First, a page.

“It’s no surprise that one of Sister André’s snacks that helps her thrive is chocolate, as this food is packed with antioxidants and minerals that can help support our overall health,” said registered dietitian Lauren Manaker. , MS, RDN. LD, CLEC, he says. “The antioxidants in cocoa can help fight oxidative stress that can be caused by factors such as stress. [and] our environment. “Too much oxidative stress can have adverse effects on health and inflammation in our bodies, including our brains, which can ultimately affect our quality of life.”

When considering any of the health benefits associated with chocolate, keep in mind that cocoa in particular is associated with positive effects — the higher the percentage of cocoa, the more active compounds there are to provide the benefits of health. This comes as great news for dark chocolate lovers. “The data show that dark chocolate has more antioxidant activity than milk chocolate, because it has a higher percentage of cocoa. “The flavonols in dark chocolate can help support healthy blood pressure, and consuming dark chocolate in moderation has also been linked to a reduced risk of heart disease and improved cognitive health,” says Manaker.

One study actually found that people who consumed any type of chocolate two or more times a week had 32 percent less calcification of their arteries than those who never ate chocolate. But keep in mind this mantra which is the measure, as it is important to note that the percentage decreases by 32% the more chocolate people ate. Manaker also recommends snacking on dark chocolate with a cocoa content of 70 percent or higher and looking for cocoa-rich delicacies with a lower sugar content, such as UNREAL dark chocolate snacks (up to 51 percent less sugar than other sugars). .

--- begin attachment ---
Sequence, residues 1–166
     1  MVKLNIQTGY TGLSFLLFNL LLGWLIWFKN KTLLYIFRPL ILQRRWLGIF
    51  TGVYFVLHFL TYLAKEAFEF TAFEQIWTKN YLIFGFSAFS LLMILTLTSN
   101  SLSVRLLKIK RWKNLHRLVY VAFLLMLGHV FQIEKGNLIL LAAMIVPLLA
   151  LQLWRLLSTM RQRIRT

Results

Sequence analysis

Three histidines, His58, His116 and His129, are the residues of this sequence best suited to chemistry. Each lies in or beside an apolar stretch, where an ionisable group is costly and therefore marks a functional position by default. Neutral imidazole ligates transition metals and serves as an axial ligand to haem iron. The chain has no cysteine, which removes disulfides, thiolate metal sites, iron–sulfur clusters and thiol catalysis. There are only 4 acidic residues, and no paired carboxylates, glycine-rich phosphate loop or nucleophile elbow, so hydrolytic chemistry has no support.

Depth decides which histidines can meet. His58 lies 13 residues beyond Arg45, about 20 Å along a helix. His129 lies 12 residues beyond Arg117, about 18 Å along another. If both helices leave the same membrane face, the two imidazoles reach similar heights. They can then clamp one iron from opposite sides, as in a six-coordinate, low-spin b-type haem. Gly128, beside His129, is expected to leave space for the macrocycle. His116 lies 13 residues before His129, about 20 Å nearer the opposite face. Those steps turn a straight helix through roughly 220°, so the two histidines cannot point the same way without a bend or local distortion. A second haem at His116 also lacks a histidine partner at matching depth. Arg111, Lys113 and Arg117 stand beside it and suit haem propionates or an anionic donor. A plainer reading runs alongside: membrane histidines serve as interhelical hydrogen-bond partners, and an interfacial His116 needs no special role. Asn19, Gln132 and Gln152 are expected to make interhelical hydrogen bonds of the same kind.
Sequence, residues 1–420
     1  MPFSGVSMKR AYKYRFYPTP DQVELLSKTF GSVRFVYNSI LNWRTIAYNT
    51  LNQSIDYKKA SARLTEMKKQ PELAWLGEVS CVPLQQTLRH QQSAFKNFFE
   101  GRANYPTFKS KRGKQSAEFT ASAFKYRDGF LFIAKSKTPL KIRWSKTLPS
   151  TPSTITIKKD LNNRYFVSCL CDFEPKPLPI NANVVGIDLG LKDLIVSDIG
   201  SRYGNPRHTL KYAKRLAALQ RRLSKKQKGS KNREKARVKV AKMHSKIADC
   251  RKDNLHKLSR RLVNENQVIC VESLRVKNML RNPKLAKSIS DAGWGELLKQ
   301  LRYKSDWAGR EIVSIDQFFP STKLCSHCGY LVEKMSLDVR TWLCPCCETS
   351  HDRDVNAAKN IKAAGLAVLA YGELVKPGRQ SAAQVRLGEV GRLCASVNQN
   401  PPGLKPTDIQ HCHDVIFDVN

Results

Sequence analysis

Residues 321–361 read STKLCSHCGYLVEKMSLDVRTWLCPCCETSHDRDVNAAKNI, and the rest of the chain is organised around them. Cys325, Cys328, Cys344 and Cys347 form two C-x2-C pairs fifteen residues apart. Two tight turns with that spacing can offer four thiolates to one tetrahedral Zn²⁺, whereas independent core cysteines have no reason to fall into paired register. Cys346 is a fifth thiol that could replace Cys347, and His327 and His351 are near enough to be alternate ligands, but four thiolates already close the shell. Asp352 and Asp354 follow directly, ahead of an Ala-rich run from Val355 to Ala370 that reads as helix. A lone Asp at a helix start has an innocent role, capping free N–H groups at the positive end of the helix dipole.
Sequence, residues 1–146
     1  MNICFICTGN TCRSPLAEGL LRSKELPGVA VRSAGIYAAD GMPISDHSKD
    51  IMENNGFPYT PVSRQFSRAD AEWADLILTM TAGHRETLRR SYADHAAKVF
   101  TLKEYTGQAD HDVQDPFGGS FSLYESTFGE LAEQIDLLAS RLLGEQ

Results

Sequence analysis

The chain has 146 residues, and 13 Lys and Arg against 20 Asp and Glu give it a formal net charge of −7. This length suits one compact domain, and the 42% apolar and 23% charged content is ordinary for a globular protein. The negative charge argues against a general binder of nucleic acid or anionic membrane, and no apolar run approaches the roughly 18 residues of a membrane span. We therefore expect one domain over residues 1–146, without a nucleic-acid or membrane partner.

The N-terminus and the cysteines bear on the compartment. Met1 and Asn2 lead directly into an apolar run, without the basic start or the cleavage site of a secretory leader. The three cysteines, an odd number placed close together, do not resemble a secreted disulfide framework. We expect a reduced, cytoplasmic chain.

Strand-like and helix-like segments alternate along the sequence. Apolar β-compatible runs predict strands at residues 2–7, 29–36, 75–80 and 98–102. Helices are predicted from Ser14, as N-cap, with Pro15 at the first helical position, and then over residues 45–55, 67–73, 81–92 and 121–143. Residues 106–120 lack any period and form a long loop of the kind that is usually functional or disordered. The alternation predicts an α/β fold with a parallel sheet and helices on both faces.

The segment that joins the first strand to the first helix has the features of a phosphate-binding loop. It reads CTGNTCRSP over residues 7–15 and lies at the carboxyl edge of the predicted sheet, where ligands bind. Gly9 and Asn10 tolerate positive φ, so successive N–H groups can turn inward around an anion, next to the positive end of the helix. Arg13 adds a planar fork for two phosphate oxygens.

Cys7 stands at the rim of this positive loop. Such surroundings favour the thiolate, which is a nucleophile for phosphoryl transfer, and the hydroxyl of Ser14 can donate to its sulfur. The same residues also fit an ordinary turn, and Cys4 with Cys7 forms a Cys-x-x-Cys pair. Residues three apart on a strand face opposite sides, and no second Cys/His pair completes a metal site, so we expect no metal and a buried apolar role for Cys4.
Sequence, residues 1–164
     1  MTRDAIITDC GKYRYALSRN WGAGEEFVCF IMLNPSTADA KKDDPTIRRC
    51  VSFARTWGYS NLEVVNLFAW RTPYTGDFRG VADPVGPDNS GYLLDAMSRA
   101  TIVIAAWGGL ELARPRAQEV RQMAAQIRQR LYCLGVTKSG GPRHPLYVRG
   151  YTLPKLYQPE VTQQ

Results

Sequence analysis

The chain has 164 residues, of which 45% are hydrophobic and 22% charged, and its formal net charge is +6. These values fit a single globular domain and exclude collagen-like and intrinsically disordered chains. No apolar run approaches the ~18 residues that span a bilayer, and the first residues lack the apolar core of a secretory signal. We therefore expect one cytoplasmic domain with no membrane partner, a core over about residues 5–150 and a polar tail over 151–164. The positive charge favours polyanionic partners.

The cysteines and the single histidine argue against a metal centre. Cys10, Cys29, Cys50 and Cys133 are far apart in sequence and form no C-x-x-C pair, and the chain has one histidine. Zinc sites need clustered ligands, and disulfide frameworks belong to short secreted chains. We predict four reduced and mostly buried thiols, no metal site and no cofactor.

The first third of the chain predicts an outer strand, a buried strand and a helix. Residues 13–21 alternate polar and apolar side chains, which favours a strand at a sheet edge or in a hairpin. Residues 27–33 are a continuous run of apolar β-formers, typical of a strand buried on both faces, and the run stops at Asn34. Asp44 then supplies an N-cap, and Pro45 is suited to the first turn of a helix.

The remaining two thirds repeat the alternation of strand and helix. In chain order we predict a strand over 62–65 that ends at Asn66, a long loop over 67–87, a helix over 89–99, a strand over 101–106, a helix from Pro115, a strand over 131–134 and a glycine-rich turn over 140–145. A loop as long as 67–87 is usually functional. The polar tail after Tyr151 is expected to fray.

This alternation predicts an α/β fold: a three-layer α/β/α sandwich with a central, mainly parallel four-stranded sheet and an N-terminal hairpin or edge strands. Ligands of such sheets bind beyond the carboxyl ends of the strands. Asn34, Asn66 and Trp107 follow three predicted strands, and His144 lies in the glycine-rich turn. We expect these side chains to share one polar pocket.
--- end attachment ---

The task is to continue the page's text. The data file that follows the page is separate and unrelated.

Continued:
Wine is a key ingredient in the world’s longest-lived people

When it comes to wine, maintaining moderation is also important. “People who drink a little, up to two drinks a day, are actually less likely to die than those who do not drink at all,” said Dan Buettner, a National Geographic journalist, longevity expert and founder of the Blue Zones. previously said Well + Good. Studies have shown that the high antioxidant content of wine can help protect against cardiovascular disease, type 2 diabetes, and even some cancers when consumed in small amounts.

Buettner, who has conducted extensive research on the routines, values ​​and lifestyles of the world’s longest-lived people, says that in the Blue Zone of Sardinia, Italy, “[Residents] They are famous for their daily consumption of a strong, local red wine called cannonau ‘, which has higher levels of antioxidants compared to other types of red wine. Buettner also points out that wine consumption in the Blue Zones often occurs in social environments, surrounded by loved ones, which can also have beneficial effects on health in the short and long term.

To get the most benefit from this drink, the American Dietary Guidelines recommend consuming one ounce drink five times a day (and of course, if you are not already an alcoholic, none of the above is a reason to start). That said, as Sister André does, here it is fine to relax and grab some of the things we love most!

Learn more about why the Mediterranean diet is linked to longevity by watching this video: